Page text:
The young boy was about 12 (14, I found out later). His eyes got saucer big … this is sometimes an early sign your communications may have gone awry. Laughter–especially uncontrolled laughter– is another.
He, however, definitely was not laughing. “Que?!!” “What?!!”
This time, I began with “Disculpe mi pobre Espanol; habla Ingles?” “Excuse my poor Spanish; do you speak English?”
“No, Señor.” “No”
Next, he quickly made the sign of the cross. This particular non-verbal gesture is also a sure indicator that you may have unintentionally crossed some type of cultural line. I’m not dense; I picked up right away that the conversation was not going as planned. So, I pointed at a necklace with a cross on it.
“Entiendo; pero absolutamente no te puedo ayudar, Señor.” “I understand, Senor, but I absolutely cannot help you.”
“Gracias,” I said politely, as I started to leave. Obviously this part of my communication was successful, because he breathed an audible sigh of relief as I walked away.
Tried another small street vendor. More or less the same reaction. So, I returned to the boat with no Jesus.
Carolyn and I talk every day about dealings with others so that, in theory, we learn together. Carolyn calls this learning from my husband’s mistakes. She was born and raised a Catholic and spent time in a convent as a young woman. It well may be that this experience makes her a bit more sensitive to how what I said could be misconstrued.
The following week, after attending Sunday morning Mass in Barra, Carolyn and I were walking around town on our way back to boat when her “yardsale radar” went off as we passed a small store. There were rosaries with Jesus on them. I approached the owner and started to say, “I only want the Jesus” when she elbowed me … This is our shut up-and-let-me-handle-this signal.
I whispered, “Don’t we just want to fix the rosary?”
I have found looks can communicate as well. I got, The Look! It translates roughly into “Silencio, idiota!” More gently that is “Peace, be still!” or “Hold your tongue!”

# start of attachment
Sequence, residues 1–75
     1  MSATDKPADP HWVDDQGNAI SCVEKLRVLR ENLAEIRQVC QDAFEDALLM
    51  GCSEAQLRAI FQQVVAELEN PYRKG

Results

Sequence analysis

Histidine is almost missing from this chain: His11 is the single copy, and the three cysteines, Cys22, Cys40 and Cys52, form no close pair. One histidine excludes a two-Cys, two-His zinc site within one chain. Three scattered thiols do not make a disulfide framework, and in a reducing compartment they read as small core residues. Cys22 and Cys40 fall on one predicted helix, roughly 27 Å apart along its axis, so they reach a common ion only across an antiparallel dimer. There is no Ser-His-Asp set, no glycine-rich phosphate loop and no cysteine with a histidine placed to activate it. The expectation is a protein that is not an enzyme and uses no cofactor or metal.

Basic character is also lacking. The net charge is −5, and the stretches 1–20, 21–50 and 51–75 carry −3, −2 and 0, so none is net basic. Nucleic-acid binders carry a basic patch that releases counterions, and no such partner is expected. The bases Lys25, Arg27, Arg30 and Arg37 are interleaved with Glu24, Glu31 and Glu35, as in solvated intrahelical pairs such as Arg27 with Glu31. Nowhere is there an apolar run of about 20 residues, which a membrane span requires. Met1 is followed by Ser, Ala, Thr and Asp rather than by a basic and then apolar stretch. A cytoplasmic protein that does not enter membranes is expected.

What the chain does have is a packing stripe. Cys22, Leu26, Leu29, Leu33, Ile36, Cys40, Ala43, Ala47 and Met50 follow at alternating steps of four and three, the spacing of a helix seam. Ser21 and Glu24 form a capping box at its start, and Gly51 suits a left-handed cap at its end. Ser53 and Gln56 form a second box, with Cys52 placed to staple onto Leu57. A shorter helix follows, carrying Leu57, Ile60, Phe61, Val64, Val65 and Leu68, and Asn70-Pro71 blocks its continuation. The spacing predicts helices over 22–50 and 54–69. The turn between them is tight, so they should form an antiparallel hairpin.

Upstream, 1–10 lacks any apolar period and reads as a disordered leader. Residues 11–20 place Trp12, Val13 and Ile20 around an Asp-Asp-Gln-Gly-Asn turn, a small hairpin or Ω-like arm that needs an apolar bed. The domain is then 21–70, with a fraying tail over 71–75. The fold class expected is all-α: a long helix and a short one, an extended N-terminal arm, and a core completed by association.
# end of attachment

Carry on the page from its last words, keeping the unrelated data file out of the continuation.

Anyway, the story ends with the lesson that it is difficult to get someone in a small Mexican community to take a tiny hammer and put Jesus back on the cross no matter how good your Spanish is.
It is much easier to just buy a new Jesus on the cross. We ended up buying just the small crucifix and keeping the old rosary beads.
In hindsight, a little more preparation before going to town was in order. A better way to have started my conversations with the shop owners and their children might have been the following sentences in Spanish, “Tengo un rosario. Aquí lo tienes. La pequeña figura de Cristo se ha perdido. Me gustaría hacerlo reparar. ¿Puedes repararlo?” Having the damaged cross in hand, the sentences read, “I have a rosary. Here it is. The small figure of Christ is lost. I would like it repaired. Can you fix it?”
You know, I just noticed the unique Crucifix in our church. It is called the Cristo de Ciclon, the Christ of the Cyclone. It has its arms at its sides, unlike most of the figures of Jesus on the Cross where they are outstretched.
I wonder, “Tengo un rosario. Aquí lo tienes. Se puede romper los brazos de Jesús para que cuelguen a los lados.……?” “I have a rosary. Here it is. Can you break Jesus’ arms so that they hang at his sides …?”
My wife just looked at me and asked, “Do you have Tourette’s or some problem with impulse control? You are going to get us killed!” She turned and walked away mumbling with all the love a wife can muster … “I will pray for you.”
Perhaps, she is right “Some thoughts are best left unsaid.”
The story above is 99.9% accurate with only small changes for story-telling purposes. I hope you enjoyed it and see the humor. I have since been back to talk with the dad and mom at the first shop and explain what I was trying to convey. No lasting offense has been inflicted. It is a story of intentions and language– unpredictable and, sometimes, humorous outcomes. Keep working on your Spanish, you can never know enough.